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Re: Of Legal Language and CS Notation

I'm not sure what Mr. Wasilko had in mind, but I've talked extensively 
on this subject
with a friend who is has been both an actual practicing lawyer and an 
actual practicing
software engineer. From conversations with him, plus some with other 
lawyers, I have
tentatively concluded that:

(a) One reason that legal contracts are written in such a seemingly 
jargon-y way is that
lawyers are carefully copying language that has been used before, 
because that language
has been already tested by courts; this is a "historical accident" reason.

(b) Some contracts are much more readable than others, and often the 
less readable ones
are simply the result of lawyers who are unskilled: either they do not 
know how to express
themselves clearly, or they load up the langauge with lots of extra 
stuff in a largely-unnecessary
attempt to make sure there are no holes or flaws.

(c) Many contracts could be expressed more clearly if they could use the 
constructs of very
basic computer programming to a greater extent than they can already;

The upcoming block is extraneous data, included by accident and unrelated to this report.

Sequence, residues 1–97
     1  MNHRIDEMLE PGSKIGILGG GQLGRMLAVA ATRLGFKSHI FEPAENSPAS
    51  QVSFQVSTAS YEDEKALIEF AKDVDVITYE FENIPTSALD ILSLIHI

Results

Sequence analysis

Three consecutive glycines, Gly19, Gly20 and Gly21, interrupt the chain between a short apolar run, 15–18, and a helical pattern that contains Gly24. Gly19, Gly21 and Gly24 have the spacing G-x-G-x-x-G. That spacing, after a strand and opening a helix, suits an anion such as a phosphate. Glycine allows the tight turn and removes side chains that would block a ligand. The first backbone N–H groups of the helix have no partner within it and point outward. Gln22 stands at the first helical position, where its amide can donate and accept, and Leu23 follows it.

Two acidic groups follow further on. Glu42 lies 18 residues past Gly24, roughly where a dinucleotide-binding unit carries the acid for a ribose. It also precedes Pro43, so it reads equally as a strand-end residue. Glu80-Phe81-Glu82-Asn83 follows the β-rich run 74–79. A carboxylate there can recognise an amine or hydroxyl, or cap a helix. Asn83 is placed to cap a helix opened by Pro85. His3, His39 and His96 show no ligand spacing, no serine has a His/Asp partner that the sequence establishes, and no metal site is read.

the main reason they
can't is (a).

(d) Some contracts are written to be intentionally misleading for 
various nefarious purposes;
this is hard to prove but there are some cases that seem very compelling.

By the way, opinions of appellate courts are generally not hard to read 
and understand.
(It may be hard for one of us to know whether there are good 
counter-arguments, but
that's a different question.) You do have to learn some basic "terms of 
art" ("term of art"
is an official jargon phase that means "official jargon phase") for 
important legal concepts
like "precedent", "narrow issue", and so on, but they're mostly not 
hard.  (And if you
want to follow the references, they have something that's as technical 
as a URL to
be able write a concise pointer to a case or statute or law review 
article, but you can
hardly blame them.)

Shriram Krishnamurthi wrote:

>Hi Peter:
>>The short answer is yes, lawyers don't really talk that way other than
>>to key in on issues. And no, legal language is really more of a
>>historical accident.
>Are you sure that's what you meant to say?  Because I don't believe
>that.  I have no trouble believing that the actual structure of legal
>language is a historical accident, in just the same way that the use
>of bars to write type (and logical) judgments is probably a historical
>accident, and the use of lambda most definitely is one.  And if so, is
>all other jargon explicable as a historical accident too?